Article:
Sylvie Floris affirms that current youth, being very plural, presents breaches that, in order to avoid conflicts, can only be repaired through links of interculturality, which permit better understanding. In this respect, she argues that governments must support the association networks, the promotion of education and the use of Internet, the main leisure activity that fosters fundamental aspects of interculturality given that youths, by using it, share, exchange and “act together”. The voices of committed youths in the Euro-Mediterranean association world are critical of this, but consider it very necessary: thus, Xavier Baró formulates a connection between association movements and the development of citizenship from the perspective of organisations and youth work. Although he recognises that there are important differences between the distinct realities of the Euro-Mediterranean area, he highlights some common elements seen in the development of cooperation strategies between youth associations. This cooperation includes elements of meeting, exchange and training among youth leaders and educators of these organisations, as well as the promotion of networks that can create free and democratic youth councils. Filippo Fabbrica explains that many young Mediterranean artists are currently carrying out artistic projects with social ends, thus showing that creative needs can effectively take on social responsibilities, especially in the most disadvantaged areas and with the most vulnerable groups. Mouhammadi Benbouzid, for his part, considers that the different collaboration programmes between the European Union and Southern Mediterranean countries have always made an absolute priority of education and integration of youths in the social and economic life of the region. Thus, since the constitution of the Mediterranean Youth Forum in 1998, some very important progress has been made allowing youths on both shores the possibility of developing their expectations and improving their possibilities for social action. However, we must go further. For greater transparency and awareness, it is absolutely necessary to build a policy of dialogue with the countries of the Euro-Mediterranean Partnership and with civil society, but also including the youth organisations in the preparation of national programmes and plans with a view to their implementation in the framework of the European Neighbourhood Policy and Euro-Mediterranean cooperation. To encourage this dialogue, in 2008 the IEMed and the Anna Lindh Foundation organised the first international short story contest “A Sea of Words”, whose winners are published in this issue.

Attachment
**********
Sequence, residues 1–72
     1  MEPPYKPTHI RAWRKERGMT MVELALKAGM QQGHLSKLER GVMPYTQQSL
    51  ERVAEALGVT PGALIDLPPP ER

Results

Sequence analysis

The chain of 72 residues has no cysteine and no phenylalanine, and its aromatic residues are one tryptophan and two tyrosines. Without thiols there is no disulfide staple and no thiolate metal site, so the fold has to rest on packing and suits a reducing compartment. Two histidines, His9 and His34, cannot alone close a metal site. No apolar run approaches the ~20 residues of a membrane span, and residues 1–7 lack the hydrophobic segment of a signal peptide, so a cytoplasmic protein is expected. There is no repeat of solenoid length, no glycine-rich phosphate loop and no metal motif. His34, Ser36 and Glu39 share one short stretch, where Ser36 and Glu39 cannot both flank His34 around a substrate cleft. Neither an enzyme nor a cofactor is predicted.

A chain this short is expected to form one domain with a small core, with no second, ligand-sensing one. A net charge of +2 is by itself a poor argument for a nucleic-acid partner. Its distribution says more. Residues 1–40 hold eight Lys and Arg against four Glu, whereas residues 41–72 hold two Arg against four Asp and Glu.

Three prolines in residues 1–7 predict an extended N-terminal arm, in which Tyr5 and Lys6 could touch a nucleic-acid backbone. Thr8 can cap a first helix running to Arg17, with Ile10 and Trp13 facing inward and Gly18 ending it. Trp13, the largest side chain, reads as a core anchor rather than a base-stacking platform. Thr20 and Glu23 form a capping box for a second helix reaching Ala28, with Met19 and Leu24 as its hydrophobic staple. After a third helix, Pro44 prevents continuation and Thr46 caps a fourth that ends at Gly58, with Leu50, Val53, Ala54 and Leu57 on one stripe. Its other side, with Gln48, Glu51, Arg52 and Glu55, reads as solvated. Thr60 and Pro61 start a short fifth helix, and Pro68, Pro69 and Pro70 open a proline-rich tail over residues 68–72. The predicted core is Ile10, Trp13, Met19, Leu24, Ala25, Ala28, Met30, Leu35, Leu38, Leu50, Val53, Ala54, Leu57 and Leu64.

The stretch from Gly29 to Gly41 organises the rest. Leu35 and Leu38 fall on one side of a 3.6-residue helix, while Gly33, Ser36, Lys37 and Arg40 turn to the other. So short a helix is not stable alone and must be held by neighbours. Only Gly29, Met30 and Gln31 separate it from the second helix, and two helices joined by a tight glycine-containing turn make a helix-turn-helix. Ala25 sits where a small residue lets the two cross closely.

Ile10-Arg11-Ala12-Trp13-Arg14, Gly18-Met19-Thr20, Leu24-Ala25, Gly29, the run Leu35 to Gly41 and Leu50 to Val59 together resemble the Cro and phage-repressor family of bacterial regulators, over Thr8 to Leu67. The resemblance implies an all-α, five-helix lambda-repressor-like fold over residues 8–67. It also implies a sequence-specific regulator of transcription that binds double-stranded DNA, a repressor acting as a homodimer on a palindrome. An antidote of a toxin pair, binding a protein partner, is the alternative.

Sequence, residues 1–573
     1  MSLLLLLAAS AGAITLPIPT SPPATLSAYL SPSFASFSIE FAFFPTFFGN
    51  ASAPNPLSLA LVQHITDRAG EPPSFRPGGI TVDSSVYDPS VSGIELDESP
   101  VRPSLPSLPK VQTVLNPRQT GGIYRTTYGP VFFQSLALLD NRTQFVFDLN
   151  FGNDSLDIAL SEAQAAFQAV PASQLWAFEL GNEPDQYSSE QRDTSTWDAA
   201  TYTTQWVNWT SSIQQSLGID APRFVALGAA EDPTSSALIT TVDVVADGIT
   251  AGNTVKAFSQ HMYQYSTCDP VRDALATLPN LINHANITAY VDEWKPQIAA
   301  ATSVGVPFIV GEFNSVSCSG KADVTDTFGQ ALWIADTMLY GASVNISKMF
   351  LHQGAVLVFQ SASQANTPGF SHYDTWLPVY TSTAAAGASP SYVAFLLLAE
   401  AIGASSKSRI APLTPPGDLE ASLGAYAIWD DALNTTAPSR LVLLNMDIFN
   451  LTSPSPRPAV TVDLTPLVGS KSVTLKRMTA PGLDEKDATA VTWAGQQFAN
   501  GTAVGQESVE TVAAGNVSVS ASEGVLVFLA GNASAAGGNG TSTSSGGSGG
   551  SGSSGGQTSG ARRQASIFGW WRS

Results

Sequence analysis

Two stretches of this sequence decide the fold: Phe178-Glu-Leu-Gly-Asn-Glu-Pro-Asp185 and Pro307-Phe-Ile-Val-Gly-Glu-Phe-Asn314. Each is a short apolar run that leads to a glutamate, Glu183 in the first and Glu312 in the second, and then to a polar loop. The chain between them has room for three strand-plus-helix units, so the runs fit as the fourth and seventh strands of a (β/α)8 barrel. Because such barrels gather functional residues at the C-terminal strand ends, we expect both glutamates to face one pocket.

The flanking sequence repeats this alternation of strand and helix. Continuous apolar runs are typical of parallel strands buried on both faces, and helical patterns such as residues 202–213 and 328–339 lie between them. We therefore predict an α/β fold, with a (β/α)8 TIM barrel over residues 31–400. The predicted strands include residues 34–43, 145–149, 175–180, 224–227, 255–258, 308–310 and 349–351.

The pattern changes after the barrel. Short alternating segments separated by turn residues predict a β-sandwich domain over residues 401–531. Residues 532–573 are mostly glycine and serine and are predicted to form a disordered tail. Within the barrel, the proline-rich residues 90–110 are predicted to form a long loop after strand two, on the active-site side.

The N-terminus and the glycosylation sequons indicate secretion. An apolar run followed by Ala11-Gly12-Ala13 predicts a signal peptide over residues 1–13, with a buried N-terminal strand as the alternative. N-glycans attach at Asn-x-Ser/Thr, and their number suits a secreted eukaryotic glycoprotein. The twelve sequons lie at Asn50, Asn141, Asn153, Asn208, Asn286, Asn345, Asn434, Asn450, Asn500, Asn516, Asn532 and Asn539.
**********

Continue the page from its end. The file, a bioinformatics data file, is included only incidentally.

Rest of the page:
Finally, we complete this issue of Quaderns de la Mediterrània with several articles which introduce us to the challenges that will accompany the existence of the Union for the Mediterranean, as well as two interviews that point out the necessary link of the Nordic countries with the Mediterranean and, specifically, the Swedish European Presidency during the second half of 2009. Moreover, it is important to note the testimonies and reflections of two renowned writers, the Palestinian Mourid Barghouti and the Israeli of Sephardic origin Abraham B. Yehoshua. Memories, separations, but always with the objective of finding new shared strategies.